Starting Clay Holmes Was A Predictable Disaster

SAN FRANCISCO, CA - AUGUST 10: Clay Holmes #68 of the Pittsburgh Pirates pitches against the San Francisco Giants during the first inning at AT&T Park on August 10, 2018 in San Francisco, California. (Photo by Jason O. Watson/Getty Images)
SAN FRANCISCO, CA - AUGUST 10: Clay Holmes #68 of the Pittsburgh Pirates pitches against the San Francisco Giants during the first inning at AT&T Park on August 10, 2018 in San Francisco, California. (Photo by Jason O. Watson/Getty Images) /
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There are baseball teams making poor decisions when competing for a postseason spot, and then there is what the Pittsburgh Pirates did on Friday night

Frustrating. At times being a sports fan is nothing short of frustrating, and Friday night was a frustrating one for fans of the Pittsburgh Pirates.

Entering play on Friday night the Pirates owned a 60-56 record and found themselves 4.0 games behind the Atlanta Braves for the second National League Wild Card spot. Trevor Williams, who has allowed just two earned runs in his last three starts, was originally scheduled to start for the Pirates in San Francisco on Friday night. However, the Bucs decided to go in a different direction.

In a decision the Pirates said was made in order to get their starting pitchers extra rest, the team pushed everyone back a day and promoted Clay Holmes from Triple-A to start on Friday night. This was a decision that made little sense for multiple reasons and it was a predictable disaster. As expected, Holmes’ start went disastrously.

Holmes is a pitcher that has always struggled with control. That has continued this season as he owns a 10% walk rate at Triple-A, and he entered Friday with a 15.1% walk rate in 12 1/3 MLB innings this season.

The control issues of Holmes were on display early and often on Friday night. From the get go Holmes was missing his spot and the pitches he was throwing for strikes were getting drilled.

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By the time Holmes’ night mercifully came to an end the team was trailing 6-1. After Casey Sadler allowed an inherited runner to score Holmes was tagged for seven runs on eight hits, four walks, and a home run in 2 2/3 innings of work.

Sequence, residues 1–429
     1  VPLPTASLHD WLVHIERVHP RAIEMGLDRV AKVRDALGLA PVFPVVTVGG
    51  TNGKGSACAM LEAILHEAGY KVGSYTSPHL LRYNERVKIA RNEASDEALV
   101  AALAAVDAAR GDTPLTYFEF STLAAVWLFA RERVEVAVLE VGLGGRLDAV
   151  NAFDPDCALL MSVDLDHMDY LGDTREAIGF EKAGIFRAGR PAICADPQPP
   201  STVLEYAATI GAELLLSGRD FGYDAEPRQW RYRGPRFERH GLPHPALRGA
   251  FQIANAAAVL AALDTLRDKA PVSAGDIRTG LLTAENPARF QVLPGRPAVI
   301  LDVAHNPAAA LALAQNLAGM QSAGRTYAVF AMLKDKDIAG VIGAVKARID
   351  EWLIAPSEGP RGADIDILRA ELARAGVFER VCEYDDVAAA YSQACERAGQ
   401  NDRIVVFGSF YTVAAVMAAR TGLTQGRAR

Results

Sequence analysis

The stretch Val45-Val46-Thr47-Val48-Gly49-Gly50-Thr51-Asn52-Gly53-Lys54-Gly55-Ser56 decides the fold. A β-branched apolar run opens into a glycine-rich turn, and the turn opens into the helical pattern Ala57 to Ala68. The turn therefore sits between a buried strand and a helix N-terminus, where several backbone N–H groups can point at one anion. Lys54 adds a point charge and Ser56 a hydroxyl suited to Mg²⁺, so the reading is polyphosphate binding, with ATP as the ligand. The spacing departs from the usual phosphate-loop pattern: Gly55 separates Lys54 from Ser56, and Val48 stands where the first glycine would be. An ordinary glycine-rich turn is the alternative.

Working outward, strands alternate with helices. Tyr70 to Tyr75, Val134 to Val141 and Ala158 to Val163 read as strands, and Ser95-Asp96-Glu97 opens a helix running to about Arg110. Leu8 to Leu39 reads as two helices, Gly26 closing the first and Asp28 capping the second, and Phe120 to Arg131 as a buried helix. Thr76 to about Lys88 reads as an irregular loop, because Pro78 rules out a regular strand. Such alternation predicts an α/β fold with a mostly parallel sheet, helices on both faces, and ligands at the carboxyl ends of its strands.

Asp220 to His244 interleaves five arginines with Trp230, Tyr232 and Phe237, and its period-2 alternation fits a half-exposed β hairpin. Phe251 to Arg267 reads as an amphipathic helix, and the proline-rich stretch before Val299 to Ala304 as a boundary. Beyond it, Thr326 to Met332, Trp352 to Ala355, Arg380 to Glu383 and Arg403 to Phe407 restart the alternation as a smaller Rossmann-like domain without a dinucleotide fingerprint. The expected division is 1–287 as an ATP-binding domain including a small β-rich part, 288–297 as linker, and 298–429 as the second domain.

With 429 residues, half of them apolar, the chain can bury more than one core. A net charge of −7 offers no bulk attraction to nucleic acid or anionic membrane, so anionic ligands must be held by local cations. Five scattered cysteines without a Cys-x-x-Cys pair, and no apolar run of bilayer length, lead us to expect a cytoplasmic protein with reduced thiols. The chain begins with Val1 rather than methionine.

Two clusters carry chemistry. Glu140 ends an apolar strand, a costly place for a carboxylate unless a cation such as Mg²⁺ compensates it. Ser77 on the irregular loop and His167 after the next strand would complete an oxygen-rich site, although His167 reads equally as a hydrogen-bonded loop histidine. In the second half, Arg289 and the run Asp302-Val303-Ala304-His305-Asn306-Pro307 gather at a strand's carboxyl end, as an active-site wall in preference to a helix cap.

The disastrous start from Holmes was the catalyst in the Pirates losing to the Giants in the second game of their four-game series against the Giants. While the Pirates are going to suffer their fair share of losses during the final seven weeks of the season, they can not afford to give games away the way they did on Friday night if they wish to make the postseason.

Like I said above, there were multiple reasons that starting Holmes made little sense. First and foremost, someone like Holmes has no business starting games for a team in postseason contention unless there are injuries. Holmes struggles to throw strikes against MiLB hitters let alone MLB, and this was on full display Friday night.

Secondly, the Pirate rotation has been as steady as any in the National League of late. Entering play on Friday Pirate starting pitchers owned a NL best 3.15 ERA the past 30 days. As the old saying goes, don’t fix what isn’t broken.

Adding to the frustration was the Pirate offense. The Bucco bats never gave up and were able to pound out 10 runs on Friday night, and I feel very confident saying that had Williams started 10 runs would have been more than enough to earn a victory.

Next. The Bucs Can Be Aggressive With Their Starting Rotation. dark

Some disasters are predictable ones and therefore can be prevented. The Pittsburgh Pirates starting Clay Holmes on Friday night was one such disaster. Unfortunately, the Bucs did not take the steps to prevent it and it led to the team getting shelled by the Giants.

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